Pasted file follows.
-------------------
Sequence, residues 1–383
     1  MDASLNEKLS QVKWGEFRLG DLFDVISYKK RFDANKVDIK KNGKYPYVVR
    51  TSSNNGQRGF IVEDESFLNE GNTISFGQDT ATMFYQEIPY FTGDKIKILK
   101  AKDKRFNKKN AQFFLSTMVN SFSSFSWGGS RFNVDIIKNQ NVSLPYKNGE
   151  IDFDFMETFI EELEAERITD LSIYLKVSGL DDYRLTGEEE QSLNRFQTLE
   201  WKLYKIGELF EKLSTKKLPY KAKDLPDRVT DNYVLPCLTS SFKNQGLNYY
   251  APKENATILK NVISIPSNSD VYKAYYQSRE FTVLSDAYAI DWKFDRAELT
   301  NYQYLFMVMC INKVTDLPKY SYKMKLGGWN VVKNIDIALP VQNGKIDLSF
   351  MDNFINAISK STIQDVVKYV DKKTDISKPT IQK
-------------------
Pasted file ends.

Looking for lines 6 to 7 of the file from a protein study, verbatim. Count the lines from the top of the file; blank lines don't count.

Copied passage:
   201  WKLYKIGELF EKLSTKKLPY KAKDLPDRVT DNYVLPCLTS SFKNQGLNYY
   251  APKENATILK NVISIPSNSD VYKAYYQSRE FTVLSDAYAI DWKFDRAELT